By John J. Puccio
On the present recording Mr. Shaham performs with The Knights. They, too, may be unfamiliar to some listeners, although they shouldn’t be because they have recorded quite a lot of material over the past few decades. They are a New York-based chamber orchestra formed by Eric and Colin Jacobsen while they were music students in the 1990’s. Originally, they called themselves “The Knights of the Many-Sided Table,” a rather unwieldy title they changed simply to The Knights. According to Wikipedpia, “Members of The Knights are composers, arrangers, singer-songwriters, and improvisers who bring a range of cultural influences to the group from baroque and classical performance practice to jazz and klezmer genres to pop and indie rock music.”
Together, Shaham and The Knights present two of the best-known violin concertos in the classical repertoire, those by Beethoven and Brahms, and they make them seem new all over again.
Ludwig van Beethoven (1770-1827) wrote his Concerto for Violin and Orchestra in D major in 1806, where it received an unsuccessful première and was practically shelved for the rest of the composer’s lifetime. He never published another violin concerto, so maybe he lost heart. The world would have to wait until 1844 to see the piece revived by violinist Joseph Joachim and conductor and composer Felix Mendelssohn, and, of course, it has been one of the leading concertos in the genre ever since.
Shaham takes the second-movement Larghetto at a smooth, leisurely, yet entirely engaging pace, providing all the beauty Beethoven has to offer. Finally, there’s that bouncy Rondo, Allegro, where Shaham shows us how playful he can get. It helps, too, to have so responsive a group as The Knights behind him, who complement him perfectly with their own heartiness and exuberance.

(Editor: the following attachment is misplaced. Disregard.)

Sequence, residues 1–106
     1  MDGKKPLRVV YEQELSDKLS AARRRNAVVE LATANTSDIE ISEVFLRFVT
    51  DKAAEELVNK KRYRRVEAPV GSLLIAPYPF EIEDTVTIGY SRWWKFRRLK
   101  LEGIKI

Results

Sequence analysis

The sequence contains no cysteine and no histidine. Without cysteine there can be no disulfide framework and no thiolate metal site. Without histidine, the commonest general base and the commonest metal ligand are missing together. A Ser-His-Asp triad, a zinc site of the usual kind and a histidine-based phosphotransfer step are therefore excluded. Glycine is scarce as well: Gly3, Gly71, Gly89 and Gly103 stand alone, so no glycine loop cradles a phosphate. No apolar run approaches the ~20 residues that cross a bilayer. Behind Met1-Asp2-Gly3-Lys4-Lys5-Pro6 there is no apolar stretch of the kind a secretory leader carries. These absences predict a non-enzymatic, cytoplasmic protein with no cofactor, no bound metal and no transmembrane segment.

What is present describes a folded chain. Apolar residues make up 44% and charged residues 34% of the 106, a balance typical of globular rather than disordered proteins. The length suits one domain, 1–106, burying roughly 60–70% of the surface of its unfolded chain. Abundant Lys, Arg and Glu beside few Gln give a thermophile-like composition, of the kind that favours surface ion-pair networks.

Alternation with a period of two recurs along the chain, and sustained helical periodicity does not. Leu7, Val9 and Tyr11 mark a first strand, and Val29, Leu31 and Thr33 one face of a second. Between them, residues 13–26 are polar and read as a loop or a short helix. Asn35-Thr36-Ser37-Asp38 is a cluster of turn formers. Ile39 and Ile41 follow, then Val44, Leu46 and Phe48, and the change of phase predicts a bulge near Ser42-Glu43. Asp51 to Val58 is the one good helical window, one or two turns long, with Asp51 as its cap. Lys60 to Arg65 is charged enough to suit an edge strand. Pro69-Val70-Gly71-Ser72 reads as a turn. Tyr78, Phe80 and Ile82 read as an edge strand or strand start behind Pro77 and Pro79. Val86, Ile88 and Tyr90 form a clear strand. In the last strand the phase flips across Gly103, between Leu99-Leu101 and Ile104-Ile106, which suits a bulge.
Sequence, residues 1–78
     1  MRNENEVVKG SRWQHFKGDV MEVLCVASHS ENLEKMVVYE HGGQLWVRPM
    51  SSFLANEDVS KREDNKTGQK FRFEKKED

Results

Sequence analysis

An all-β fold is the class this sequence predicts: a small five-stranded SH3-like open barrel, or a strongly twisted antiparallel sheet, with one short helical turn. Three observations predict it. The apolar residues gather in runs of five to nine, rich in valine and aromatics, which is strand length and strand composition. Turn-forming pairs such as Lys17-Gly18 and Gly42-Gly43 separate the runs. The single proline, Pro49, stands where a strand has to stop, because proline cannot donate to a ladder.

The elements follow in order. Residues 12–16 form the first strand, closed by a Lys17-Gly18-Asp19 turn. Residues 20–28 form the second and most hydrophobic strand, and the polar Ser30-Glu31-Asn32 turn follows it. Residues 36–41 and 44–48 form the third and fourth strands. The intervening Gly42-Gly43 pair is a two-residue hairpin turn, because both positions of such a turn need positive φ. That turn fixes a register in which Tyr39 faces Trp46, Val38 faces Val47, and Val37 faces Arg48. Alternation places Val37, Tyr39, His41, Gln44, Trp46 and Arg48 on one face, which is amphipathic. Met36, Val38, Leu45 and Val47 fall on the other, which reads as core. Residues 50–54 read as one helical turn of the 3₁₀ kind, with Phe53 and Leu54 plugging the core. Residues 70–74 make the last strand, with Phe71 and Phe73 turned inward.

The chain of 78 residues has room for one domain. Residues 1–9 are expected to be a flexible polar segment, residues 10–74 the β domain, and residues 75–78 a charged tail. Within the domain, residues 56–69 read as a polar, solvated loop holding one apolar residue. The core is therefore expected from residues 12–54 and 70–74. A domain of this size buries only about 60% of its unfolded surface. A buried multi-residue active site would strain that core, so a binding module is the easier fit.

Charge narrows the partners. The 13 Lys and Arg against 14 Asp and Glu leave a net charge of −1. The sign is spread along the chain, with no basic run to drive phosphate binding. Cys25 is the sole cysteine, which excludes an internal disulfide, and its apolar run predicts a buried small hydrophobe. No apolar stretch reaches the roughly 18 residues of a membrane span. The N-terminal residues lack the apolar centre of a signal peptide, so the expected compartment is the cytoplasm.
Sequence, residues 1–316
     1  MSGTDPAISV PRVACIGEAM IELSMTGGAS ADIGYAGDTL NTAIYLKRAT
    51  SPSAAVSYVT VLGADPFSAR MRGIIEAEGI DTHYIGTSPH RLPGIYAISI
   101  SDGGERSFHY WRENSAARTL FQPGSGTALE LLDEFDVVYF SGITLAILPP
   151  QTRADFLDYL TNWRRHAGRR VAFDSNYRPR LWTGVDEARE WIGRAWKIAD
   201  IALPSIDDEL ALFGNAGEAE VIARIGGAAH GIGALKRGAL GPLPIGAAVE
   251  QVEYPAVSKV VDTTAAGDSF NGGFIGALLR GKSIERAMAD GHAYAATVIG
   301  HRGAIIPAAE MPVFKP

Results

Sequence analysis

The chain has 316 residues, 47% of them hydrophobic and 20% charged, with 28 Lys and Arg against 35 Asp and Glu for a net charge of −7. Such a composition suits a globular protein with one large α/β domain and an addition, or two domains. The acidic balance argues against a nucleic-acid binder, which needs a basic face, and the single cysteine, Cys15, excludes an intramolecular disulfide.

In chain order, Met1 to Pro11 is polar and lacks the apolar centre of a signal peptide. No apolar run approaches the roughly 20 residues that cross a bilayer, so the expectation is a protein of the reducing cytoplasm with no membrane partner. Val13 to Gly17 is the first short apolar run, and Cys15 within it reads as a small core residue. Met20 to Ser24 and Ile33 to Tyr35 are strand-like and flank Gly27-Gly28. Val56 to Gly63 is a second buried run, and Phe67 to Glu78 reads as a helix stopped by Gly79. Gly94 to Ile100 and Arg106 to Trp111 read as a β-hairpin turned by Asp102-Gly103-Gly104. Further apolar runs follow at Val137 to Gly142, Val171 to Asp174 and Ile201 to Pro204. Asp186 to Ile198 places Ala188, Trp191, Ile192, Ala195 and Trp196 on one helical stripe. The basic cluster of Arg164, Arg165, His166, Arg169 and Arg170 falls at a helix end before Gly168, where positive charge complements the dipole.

German composer and pianist Johannes Brahms (1833-1897) wrote his Violin Concerto in D Major, Op. 77 around the time he wrote his Second Symphony (1877), and the two pieces display a similar pastoral, bucolic atmosphere. However, the slightly later Violin Concerto sounds a little more rugged and robust, yet more lofty and aristocratic, almost as rustic as it is rhapsodic, making it something of an opposition in charms. What’s more, because Brahms grew up in a period where classicism was giving way to full-blown Romanticism, the composer sometimes found himself caught between the two competing styles, as we hear in this piece.
Although Brahms’s concerto is a little more complex and a bit more difficult to manage than Beethoven’s, Shaham negotiates it with an assuredness that comes from years of dedication and experience. His approach is flawless, cogent, and persuasive. As in the Beethoven, his playing is keen and ebullient, bringing a consummate joy to the music. These performances are laser focused yet spontaneous, pleasing in every regard. As with the Beethoven, you may find other recordings you like as well, but it’s hard to imagine one any more appealing on all counts, including the sound.
Producer Martha de Francisco and engineer Brian Losch recorded the music at LeFrak Hall, Aaron Copland School of Music, Queens College, Flushing, New York in August 2019. Because The Knights are a relatively small ensemble, they show up quite transparently on record. It helps, of course, that the recording engineer ensured that the sound wasn’t too close or too distant, and that nothing appeared unnaturally bright, heavy, dull, or soft. Everything is just about right, including some full-bodied drum work. When the violin enters, it’s just where we expect it to be, nicely centered yet agreeably integrated with the orchestra.
To listen to a brief excerpt from this album, click below: